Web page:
Behaviour Change To Promote Diabetes Outcomes: Getting More From What We Have Through Dissemination and Scalability

Published:September 02, 2022DOI:
      This paper is only available as a PDF. To read, Please Download here.


      • Behaviour change science has developed and validated a number of effective behaviour change interventions but uptake is poor due to provider attitudes and resource limitations
      • Identification of evidence-based mediators of change (adherence, self-efficacy and intrinsic motivation) supports a flexible and comprehensive approach to behaviour change
      • Scalability of behaviour change interventions can be enhanced by capitalizing on technology and the workplace, expanding behaviour change interventions outside of the health system


      The potential benefits of advanced medical treatments (pharmacotherapies) and technologies (diagnostics, devices, and apps) are unrealized due to lack of sustained behaviour change in individuals living with type 2 diabetes. The lack of scale-up of effective health behaviour change interventions limits health improvement. Identification of mediators of behaviour change (adherence, self-efficacy, intrinsic motivation) can address this limitation by shifting the focus of behaviour change from input (which behaviour change strategy to choose) to output (what can the person adhere to and sustain). Technology and accessing the workplace environment to promote change offer scalable opportunities for facilitating health behaviour change in populations.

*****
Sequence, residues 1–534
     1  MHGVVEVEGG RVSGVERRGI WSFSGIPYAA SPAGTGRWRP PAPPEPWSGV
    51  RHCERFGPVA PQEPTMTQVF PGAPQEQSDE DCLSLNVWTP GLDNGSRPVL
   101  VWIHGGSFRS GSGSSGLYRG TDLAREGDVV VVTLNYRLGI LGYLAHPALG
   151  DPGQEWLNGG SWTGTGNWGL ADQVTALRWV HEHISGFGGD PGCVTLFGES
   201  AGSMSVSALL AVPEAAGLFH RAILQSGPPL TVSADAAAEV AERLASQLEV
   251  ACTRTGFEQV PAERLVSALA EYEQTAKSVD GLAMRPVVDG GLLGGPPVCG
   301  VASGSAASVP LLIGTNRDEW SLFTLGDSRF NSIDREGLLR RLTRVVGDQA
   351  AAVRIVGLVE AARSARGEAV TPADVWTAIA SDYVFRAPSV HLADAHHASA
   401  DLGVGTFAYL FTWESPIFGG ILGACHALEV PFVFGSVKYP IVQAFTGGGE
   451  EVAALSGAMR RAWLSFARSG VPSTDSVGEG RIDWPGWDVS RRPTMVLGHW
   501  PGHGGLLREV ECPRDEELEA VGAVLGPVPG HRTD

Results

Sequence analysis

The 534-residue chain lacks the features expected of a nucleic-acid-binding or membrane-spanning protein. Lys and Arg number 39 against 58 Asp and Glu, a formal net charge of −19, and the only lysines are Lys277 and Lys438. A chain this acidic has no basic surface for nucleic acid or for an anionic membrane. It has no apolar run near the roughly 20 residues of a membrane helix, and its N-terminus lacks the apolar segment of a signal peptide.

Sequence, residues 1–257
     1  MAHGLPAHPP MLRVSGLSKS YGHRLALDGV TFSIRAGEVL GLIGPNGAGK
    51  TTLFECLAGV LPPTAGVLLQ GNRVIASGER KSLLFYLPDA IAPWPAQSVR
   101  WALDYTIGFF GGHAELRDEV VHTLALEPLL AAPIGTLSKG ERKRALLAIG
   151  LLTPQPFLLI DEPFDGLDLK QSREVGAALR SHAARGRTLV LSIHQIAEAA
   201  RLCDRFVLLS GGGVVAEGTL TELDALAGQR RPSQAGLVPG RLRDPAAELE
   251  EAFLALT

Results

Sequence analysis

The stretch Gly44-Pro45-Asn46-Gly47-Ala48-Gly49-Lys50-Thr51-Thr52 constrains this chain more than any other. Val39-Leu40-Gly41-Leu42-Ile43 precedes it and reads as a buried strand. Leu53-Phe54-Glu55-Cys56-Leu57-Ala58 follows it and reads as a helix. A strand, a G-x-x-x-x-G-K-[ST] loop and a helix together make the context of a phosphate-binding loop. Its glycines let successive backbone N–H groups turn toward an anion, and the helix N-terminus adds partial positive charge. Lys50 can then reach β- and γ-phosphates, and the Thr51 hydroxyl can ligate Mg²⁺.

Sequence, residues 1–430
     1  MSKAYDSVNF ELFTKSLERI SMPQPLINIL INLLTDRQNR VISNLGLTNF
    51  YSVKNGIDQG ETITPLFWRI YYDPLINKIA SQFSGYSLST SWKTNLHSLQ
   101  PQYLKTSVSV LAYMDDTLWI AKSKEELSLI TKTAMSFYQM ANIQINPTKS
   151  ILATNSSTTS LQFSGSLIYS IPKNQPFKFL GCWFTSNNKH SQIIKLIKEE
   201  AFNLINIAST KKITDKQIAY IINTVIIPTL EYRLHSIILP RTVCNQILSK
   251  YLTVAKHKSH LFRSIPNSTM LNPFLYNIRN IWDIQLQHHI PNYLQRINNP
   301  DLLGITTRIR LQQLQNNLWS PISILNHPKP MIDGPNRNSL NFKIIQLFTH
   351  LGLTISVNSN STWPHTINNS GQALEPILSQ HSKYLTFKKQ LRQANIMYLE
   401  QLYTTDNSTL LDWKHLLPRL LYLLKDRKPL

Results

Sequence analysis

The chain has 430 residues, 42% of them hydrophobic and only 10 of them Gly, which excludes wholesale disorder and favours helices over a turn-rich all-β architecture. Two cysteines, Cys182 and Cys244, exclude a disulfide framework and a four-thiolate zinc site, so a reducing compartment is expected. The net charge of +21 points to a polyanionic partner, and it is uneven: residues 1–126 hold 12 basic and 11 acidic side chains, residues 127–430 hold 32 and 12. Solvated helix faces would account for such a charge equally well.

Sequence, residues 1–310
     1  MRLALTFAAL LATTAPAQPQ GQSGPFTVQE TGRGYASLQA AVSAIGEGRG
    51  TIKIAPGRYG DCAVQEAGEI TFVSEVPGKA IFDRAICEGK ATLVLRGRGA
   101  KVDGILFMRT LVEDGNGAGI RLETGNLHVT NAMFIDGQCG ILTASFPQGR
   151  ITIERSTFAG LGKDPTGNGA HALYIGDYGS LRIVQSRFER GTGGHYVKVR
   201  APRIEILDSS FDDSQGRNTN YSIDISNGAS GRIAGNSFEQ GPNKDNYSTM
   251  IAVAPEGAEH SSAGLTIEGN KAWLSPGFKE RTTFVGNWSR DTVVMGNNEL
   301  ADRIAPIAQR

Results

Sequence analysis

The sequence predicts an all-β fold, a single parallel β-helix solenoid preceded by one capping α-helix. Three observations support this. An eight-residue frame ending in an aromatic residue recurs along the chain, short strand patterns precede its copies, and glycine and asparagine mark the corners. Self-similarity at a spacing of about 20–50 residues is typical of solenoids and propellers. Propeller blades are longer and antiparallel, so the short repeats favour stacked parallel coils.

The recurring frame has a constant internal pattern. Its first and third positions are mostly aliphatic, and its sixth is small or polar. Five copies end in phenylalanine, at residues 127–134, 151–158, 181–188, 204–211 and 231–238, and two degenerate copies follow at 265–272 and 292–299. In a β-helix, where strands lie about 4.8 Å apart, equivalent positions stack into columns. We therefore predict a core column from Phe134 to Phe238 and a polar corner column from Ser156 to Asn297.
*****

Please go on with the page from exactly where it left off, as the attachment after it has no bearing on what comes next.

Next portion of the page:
To read this article in full you will need to make a payment

      Purchase one-time access:

      Academic & Personal: 24 hour online accessCorporate R&D Professionals: 24 hour online access
      One-time access price info
      • For academic or personal research use, select 'Academic and Personal'
      • For corporate R&D use, select 'Corporate R&D Professionals'


      Subscribe to Canadian Journal of Diabetes
      Already a print subscriber? Claim online access
      Already an online subscriber? Sign in
      Institutional Access: Sign in to ScienceDirect